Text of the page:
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Weinswig’s Weekly 15 minutes

Weinswig’s Weekly — August 16, 2019

Coresight Research

Key Points

  • This week’s note “From the Desk of Deborah Weinswig” looks at the abundance of technology pouring into retail stores.
  • In the US, Allbirds is expanding into apparel — starting with socks.
  • In Europe, Zara is launching a new online customization feature, which allows shoppers to personalize any items in a newly released 28-piece collection.
  • In Asia, Alibaba Group will offer a bigger range of benefits to the members of its paid loyalty program, 88VIP.
  • In Latin America, Gap has opened its first Argentinian store.

Retail Stores Are Bursting with Technology

Retail stores are bursting with technology: on the store floor, on the walls and shelves and ceilings, in sales associates’ hands, in the back room and in the warehouse. US retailers will likely spend about $100 billion in capital improvements in 2019, we estimate from US Census Bureau data, and IT-related expenses and services are also significant.

In-store technology enables retailers to communicate with consumers, offering a quicker, smoother, more pleasant and entertaining shopping experience.

Shoppers are increasingly interacting with technology inside stores, as they view products, place orders on kiosks or tablets and view computer-generated images. Product displays can provide information or videos that play when a product is picked up, and smart displays and magic mirrors can react to data gathered from the customer, even sensing the shopper’s emotional state, and provide augmented reality images of what he or she looks like wearing a garment. Retailers can suggest products based on neurological data obtained from the consumer, and customers in the dressing room can use smart mirrors to order a different size or even a beverage.

The combination of a human being armed with a tablet loaded with product or customer information represents a powerful way to provide richer customer service. With a handheld tablet, sales associates can efficiently acquire customer and product information to provide richer, more informed and personalized information. Moreover, customers are now pitching in to speed the sales process, performing many of the tasks previously performed by sales associates. Customers can now obtain product information, scan price tags and bag their own purchases at self-checkout stations, with an array of machine-vision cameras monitoring their activity and preventing theft.

Hardware in the store can gather an enormous amount of data on who enters the store, where they go and how long they linger, validating the effectiveness of promotions. Technologies to track customers in the store are based on optical and thermal imaging, Wi-Fi, GPS and cell tower triangulation.

RFID Sensors can continuously monitor inventory, offering the precise, real-time view necessary for ship-from-store functions, and even track items left out of place. Knowing that a particular style has frequently been left unpurchased in a dressing room could alert a retailer to a sizing problem.

Electronic shelf labels can change automatically or even continuously, enabling retailers to update prices to match parameters like temperature, competitors’ prices or customer demand and help manage inventory and expiration dates. Transmission technologies include radio, visible light (from modulating the overhead lighting) and even infrared light.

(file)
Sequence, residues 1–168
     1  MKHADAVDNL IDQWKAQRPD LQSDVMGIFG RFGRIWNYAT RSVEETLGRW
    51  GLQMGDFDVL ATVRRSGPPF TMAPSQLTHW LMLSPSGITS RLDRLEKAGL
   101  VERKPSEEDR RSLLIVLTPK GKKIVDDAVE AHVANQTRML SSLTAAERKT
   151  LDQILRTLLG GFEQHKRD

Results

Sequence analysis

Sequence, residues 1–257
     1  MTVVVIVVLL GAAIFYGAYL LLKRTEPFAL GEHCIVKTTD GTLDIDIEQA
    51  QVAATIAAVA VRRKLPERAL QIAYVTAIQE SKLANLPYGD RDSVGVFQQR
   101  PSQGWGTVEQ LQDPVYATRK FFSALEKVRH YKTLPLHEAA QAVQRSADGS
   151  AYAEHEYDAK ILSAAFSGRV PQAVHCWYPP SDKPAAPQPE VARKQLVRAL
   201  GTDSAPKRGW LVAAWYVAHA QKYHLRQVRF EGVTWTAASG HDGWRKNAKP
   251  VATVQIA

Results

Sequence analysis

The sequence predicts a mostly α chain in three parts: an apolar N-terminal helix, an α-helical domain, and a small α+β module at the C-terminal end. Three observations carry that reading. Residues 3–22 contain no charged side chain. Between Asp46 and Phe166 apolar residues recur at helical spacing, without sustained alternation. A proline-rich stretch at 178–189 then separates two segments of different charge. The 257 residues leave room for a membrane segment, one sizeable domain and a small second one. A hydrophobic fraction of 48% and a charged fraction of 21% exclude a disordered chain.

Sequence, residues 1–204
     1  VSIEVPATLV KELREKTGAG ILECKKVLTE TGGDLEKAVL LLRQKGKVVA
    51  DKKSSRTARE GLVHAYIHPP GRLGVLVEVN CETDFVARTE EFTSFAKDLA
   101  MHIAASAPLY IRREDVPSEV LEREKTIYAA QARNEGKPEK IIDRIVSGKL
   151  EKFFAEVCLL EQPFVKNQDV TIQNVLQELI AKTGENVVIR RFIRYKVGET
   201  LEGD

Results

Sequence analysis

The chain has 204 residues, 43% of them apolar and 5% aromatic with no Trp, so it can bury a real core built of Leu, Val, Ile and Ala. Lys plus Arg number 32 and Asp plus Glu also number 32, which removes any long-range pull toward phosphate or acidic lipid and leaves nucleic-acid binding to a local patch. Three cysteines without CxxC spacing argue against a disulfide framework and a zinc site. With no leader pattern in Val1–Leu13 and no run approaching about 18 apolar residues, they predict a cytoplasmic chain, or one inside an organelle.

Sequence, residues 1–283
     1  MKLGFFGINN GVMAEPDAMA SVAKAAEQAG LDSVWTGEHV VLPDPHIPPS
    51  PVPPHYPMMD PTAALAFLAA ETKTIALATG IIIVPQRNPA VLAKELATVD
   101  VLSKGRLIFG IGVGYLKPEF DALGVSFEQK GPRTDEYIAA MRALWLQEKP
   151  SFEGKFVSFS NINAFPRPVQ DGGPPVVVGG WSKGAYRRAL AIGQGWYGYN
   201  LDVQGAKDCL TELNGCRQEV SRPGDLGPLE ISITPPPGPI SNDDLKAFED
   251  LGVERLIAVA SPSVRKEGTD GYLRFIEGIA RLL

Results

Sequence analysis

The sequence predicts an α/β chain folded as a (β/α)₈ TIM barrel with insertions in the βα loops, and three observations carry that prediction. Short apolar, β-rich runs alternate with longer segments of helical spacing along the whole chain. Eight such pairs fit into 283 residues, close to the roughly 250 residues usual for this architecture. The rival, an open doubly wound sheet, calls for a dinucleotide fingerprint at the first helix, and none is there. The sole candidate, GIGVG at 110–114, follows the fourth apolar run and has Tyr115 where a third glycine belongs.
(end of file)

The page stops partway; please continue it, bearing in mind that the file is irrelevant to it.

Robots, once confined to factory floors, now greet customers, guide them inside the store, fetch items, take inventory of items on the shelf and mop the floors. These machines perform repetitive, labor-intensive tasks, freeing the humans to spend more time on the store floor, building customer relationships and improving service. Additional robots are at the back of the store, helping workers unload goods, and in warehouses and fulfillment centers, some completely automated and some using human-robot teams.

Some of the most powerful in-store tech in retail is brought into and taken out of the store again by consumers, in the form of the miniature supercomputers called smartphones in their pockets or bags. Consumers can research products and gather information, scan barcodes, run store apps and interact with in-store beacons, though beacons have not yet seen widespread use in retail stores.

Physical stores contain an enormous amount of technology on the sales floor as well as in the back room. The deployment of technology is only likely to increase as retailers digitalize and seek to improve services and experiences in a continuing effort to bring customers into the store.


Allbirds, Known for its Wool Sneakers, Is Getting into the Apparel Business

(August 13) CNBC

  • Allbirds, the San Francisco-based brand that’s amassed a cult-like following of people who wear its comfy wool sneakers, is expanding beyond shoes — starting with socks. The shoemaker said it will begin selling three styles of socks, retailing between $12 and $16, online and at its five bricks-and-mortar shops in the U.S.
  • Like its existing line-up of shoes, the socks will be made from sustainable materials — including plants and recycled plastic bottles. And they’re 100% carbon neutral.

Nike Offers its Mobile Technology to Foot Locker

(August 12) Essential Retail

  • Trainer retailer Foot Locker opened a new store in the US over the weekend that is supported by the Nike mobile app. The so-called community “Power Store” in Washington Heights was unveiled on Saturday 10 August, offering consumers various new features – including a connection to the Nike app.
  • To mark the collaboration with Nike, Foot Locker will host a series of events this week for its members and NikePlus members, including workshops and group runs.

Rite Aid Taps Healthcare Executive as its New CEO

(August 12) Reuters